It has a tonic effect on the entire human nervous system – both on the central and peripheral departments. For example, tea significantly shortens reaction time because it speeds up both the processing of information in the brain and the transmission of nerve impulses.

It should be noted that, compared with coffee, the stimulating effect of tea is more uniform and prolonged. The tonic effect of the coffee occurs in the first 1-2 hours after its intake, reaching its maximum in the first hour. The tonic effect of the tea lasts about 6 hours, reaching its maximum (slightly lower than coffee) in the first half hour, after which it stabilizes and very slowly decreases over the next 4-5 hours.

Another feature is that tea has not only a short-term but also a long-term tonic effect on the nervous system. It is no longer due to caffeine, but to the complex of vitamins (mainly B) and trace elements contained in the tea. This action harmonizes the nervous system as a whole, normalizes its activity, makes it more resistant to strong and unexpected stimuli.

Tea is a mild psychostimulant that enhances and accelerates many mental processes: it sharpens the work of the analysts (especially vision) and increases the general sensitivity and receptivity of the nervous system; increases the speed of reactions; aids the absorption and memorization of new information; facilitates the concentration of attention and improves its stability and distribution; accelerates the thought process and is specifically related to creative thinking and the generation of new ideas.

Today, the term “stress” is widely used. Generally (though rather inaccurately) this word is used to describe the reaction of a person to any strongly adverse environmental impact. Stress can be both physiological and psychological (emotional).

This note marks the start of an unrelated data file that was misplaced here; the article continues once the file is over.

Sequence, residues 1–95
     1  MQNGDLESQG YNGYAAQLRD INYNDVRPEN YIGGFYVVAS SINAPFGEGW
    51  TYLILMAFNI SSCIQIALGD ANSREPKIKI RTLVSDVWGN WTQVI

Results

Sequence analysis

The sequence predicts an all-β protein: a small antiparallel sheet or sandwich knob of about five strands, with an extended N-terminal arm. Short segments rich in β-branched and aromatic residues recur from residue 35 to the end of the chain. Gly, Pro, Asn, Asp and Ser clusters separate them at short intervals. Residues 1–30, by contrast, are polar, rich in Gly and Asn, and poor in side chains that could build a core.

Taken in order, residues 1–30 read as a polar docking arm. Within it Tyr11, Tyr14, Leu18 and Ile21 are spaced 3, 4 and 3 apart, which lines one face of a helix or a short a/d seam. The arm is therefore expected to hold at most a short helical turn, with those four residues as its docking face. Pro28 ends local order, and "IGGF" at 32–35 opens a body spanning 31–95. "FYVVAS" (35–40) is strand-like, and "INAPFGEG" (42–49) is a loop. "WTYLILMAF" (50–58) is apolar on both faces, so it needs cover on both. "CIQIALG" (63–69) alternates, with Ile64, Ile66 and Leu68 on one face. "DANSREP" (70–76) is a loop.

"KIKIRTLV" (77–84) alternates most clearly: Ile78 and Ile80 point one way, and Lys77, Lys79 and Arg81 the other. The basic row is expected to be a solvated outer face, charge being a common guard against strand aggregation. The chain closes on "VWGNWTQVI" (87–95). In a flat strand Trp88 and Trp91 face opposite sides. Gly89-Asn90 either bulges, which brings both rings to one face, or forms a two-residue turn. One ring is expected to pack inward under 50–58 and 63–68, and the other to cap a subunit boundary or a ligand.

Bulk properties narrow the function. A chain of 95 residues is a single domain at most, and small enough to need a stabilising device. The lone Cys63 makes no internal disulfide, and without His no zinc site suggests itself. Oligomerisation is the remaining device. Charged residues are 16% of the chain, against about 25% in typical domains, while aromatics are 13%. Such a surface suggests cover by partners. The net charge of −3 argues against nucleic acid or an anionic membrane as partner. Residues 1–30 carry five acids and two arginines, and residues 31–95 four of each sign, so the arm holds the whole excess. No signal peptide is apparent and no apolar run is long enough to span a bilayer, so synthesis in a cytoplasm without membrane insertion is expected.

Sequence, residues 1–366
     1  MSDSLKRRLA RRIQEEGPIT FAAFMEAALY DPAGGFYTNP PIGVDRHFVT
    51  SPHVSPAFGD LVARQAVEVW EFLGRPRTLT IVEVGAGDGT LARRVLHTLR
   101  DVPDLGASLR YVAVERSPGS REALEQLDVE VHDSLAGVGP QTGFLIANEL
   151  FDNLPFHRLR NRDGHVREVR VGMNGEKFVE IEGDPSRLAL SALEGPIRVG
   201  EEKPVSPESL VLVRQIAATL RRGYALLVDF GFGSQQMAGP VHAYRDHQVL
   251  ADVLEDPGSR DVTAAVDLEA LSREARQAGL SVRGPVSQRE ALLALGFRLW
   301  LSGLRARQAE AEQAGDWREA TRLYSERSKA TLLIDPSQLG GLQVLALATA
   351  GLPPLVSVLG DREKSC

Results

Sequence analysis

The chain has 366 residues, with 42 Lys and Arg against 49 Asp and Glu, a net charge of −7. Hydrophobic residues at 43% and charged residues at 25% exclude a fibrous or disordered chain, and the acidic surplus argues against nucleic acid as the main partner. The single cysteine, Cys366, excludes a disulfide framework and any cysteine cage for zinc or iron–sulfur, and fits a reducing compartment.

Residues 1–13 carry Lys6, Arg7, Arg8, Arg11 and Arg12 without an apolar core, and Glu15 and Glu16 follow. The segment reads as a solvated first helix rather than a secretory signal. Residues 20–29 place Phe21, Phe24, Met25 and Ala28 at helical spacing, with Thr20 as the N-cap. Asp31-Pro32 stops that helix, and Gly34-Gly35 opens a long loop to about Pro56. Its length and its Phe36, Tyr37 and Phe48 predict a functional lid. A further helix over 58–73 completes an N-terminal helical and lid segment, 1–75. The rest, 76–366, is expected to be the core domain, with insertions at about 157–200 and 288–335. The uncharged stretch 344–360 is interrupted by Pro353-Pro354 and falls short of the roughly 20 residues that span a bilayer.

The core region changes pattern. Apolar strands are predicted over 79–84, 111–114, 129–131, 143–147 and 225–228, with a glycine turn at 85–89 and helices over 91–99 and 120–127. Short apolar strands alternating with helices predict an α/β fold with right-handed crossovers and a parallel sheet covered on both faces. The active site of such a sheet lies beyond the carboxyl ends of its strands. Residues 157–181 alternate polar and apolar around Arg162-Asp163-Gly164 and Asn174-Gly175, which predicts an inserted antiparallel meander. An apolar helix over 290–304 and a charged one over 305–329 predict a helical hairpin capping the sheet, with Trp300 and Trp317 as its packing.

To combat stress, plants called adaptogens are successfully used – ginseng, eleutherococcus and some others. Tea also belongs to the plants possessing adaptogenic effect, although slightly weaker.

The anti-stress effect of tea is expressed as follows:

  • tea acts as a “quick help” in sudden stress, for example when a person receives extremely bad, traumatic news;
  • tea is a good prophylactic and increases general tolerance to both physical and emotional stress (one becomes less sensitive to various stressors and
  • extreme conditions); tea increases endurance, increases the time of resistance against stress and delays the onset of the exhaustion phase (some specialists are of the opinion that in the stage of
  • active struggle with stressors caffeine is harmful because it stimulates and accelerates the “burning” of the body’s resources);
  • tea is also useful after stress, because it successfully compensates for the spent vitamins and trace elements and restores strength.

Depression is quite a serious disorder and only a doctor can make such a diagnosis. But in everyday life, we are used to defining depression as any more permanent lowering of mood.

In medicine, antidepressants are called drugs that improve the mood background. Tea is also a kind of antidepressant and moderately increases this background.